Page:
This “superteam” was supposed to be 6-0 and on their way to the first 96-0 (82 + 16 playoff games) record in league history. The Oklahoma City Thunder were supposed to leading the league in Offensive and Defensive Rating. They were supposed to be winning games by at least a margin of 20+ per game and Dakari Johnson should now have six games worth of experience under his belt.
Instead the Thunder find themselves at only 3-3. Chemistry is still an issue as they attempt to assimilate three alpha-dog scorers into a cohesive system. It is no longer just grab the ball and score, as all three have been used to throughout their careers. Now, it’s run the offense until there’s an open shot and if nothing develops, then revert back to your natural instinct of isolation dominance. All the while, there are two other players out there on the floor that can be involved in the offense also.
It’s going to take some time. We can look back at all the other recent iterations of super teams and see that there were adjustment periods for all of them. Some of those teams adjusted quickly, like the Warriors of last year and the Celtics of 2007-08. Others took at least a season to find themselves, like the 2010-11 Miami Heat. But they all eventually found success. Continue reading The Week That Was: 23-29 October 2017→
Royce Young (ESPN) on Paul George’s struggles against his former team: “George then fouled out with 6:15 left in the fourth, with only 10 points on 4 of 8 shooting in 19 minutes. “That hasn’t happened often in my career,” George said of winning the game despite his struggles. “Fortunate to have those guys carry me. They knew how big this game was for me, and they went out and got it for me.”
Radio: WWLS The Sports Animal (98.1 FM, 640 AM, 930 AM (Spanish))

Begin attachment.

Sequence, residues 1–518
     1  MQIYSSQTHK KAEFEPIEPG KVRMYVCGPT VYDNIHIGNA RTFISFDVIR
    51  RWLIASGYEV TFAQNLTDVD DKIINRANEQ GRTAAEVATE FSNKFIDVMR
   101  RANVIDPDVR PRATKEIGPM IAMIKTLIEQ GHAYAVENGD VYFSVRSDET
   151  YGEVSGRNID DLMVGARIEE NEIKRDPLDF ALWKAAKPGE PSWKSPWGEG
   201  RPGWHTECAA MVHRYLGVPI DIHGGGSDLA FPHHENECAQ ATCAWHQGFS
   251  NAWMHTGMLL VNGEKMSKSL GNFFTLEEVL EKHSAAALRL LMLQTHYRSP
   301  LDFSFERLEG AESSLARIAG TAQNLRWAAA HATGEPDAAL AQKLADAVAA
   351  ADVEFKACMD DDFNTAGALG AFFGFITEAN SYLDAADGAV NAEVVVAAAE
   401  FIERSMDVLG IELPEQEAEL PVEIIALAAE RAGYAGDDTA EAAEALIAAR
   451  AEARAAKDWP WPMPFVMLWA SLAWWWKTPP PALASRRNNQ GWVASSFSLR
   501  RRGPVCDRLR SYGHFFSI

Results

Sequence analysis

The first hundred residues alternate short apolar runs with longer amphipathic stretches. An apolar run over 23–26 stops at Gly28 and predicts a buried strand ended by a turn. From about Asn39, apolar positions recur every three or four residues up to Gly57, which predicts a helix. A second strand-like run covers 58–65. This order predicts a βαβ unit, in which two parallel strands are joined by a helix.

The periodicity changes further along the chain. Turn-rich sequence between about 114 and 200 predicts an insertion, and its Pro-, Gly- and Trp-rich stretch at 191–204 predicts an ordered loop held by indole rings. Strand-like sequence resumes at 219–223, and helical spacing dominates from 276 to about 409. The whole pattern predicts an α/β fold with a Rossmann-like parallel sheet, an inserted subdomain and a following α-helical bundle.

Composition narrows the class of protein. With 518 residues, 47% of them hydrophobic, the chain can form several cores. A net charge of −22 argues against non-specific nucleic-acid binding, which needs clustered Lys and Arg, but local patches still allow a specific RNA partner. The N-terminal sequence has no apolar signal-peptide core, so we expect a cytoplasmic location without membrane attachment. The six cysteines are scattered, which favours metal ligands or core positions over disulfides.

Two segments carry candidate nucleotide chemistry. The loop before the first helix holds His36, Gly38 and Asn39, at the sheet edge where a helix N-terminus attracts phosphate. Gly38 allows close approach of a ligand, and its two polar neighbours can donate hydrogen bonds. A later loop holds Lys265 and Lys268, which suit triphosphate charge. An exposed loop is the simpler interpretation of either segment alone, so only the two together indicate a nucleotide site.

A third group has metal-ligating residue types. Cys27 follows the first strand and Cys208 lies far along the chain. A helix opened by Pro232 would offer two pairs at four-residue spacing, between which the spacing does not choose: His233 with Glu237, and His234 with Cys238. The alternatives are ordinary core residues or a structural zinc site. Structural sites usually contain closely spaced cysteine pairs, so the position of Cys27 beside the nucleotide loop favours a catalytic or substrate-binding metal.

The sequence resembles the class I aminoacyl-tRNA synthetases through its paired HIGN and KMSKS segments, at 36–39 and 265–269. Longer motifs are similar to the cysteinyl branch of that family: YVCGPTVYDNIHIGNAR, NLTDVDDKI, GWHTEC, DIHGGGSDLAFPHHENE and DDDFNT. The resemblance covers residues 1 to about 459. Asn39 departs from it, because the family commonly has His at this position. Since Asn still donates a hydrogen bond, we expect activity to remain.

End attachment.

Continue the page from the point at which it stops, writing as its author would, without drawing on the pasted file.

Line: OKC -14.5 | O/U – 218
I’ve never been a huge fan of moral victories. It feels like a gateway to developing a losing mentality. The great, “Oh, we lost, but…” A team says that enough times and failure becomes an acceptable habit. “Missed it by this much” becomes the norm.
Sunday’s loss felt different, though. Yes, it was definitely a moral victory, which means it was a loss. But it felt like the team discovered something about itself in that fourth quarter (almost) comeback. Russell Westbrook, who has had to adjust on the fly to having two scoring wings next to him, reverted back to what felt natural to him. And it worked. Shots fell. The team got stops. And what started as a 13-point deficit heading into the quarter turned into a one point lead with 5 seconds left. Of course, we all know what transpired after that as Andrew Wiggins and the three referees made sure Minnesota came out of that game with a victory (shouts out to you, Last 2-Minutes report). Continue reading Pacers vs. Thunder preview (Game 4 of 82)→
Oklahoma City comes into this draft with only one pick: no. 21 in the first round. There are options to move up, move down, or trade. But another scenario would be the Thunder staying at 21 and drafting a player there. Luckily for them, this is an incredibly deep draft with talented players scattered all they way into the first third of the second round. With that said, there are also disclaimers. Picking in the 20’s is a crap shoot. For every Reggie Jackson or Serge Ibaka the Thunder have drafted in the 20’s, there’s also a Mitch McGary or Byron Mullens.
There are a number of factors that could come into play with this draft pick. Are the Thunder looking for someone that could play immediately as a role player? Or are they looking for someone with more upside that could possibly be more than a role player once they fully develop? Players that can fit into a role immediately are usually older players that have several seasons of either college experience or international play under their belt. A good example of that from the Thunder would be Alex Abrines, who was able to step into the role of floor spacer after about the first quarter of the season. Domantas Sabonis, on the other hand, had only two years of experience at Gonzaga, and is more of a developmental project for the Thunder. The Sabonis the Thunder get in 2 years will likely be a much different player than the Sabonis they had last season.
Welcome to Loud City looks at Oklahoma State’s Juwan Evans for 21: “Running an offense, playmaking, and executing the high pick-and-roll are all directly in Jawun’s wheelhouse–it’s his bread and butter. Last season at OSU, Evans had an assist percentage of 43.6%, and a usage rate of 32.7–both of which are the highest in the draft. Evans also gives this team another thing they desperately need–especially when Russell goes to the bench—a ball handler that doesn’t have an issue creating contact and getting to the free throw line. He averaged 7 free-throw-attempts per 40 minutes last season. Obviously, after scoring 19 points-per-game last season at OSU, Evans can put the ball in the hoop, but it’s his decision making that really opens the door for his role in Oklahoma City.” Continue reading Daily Thunder Rumblings – 19 June 2017→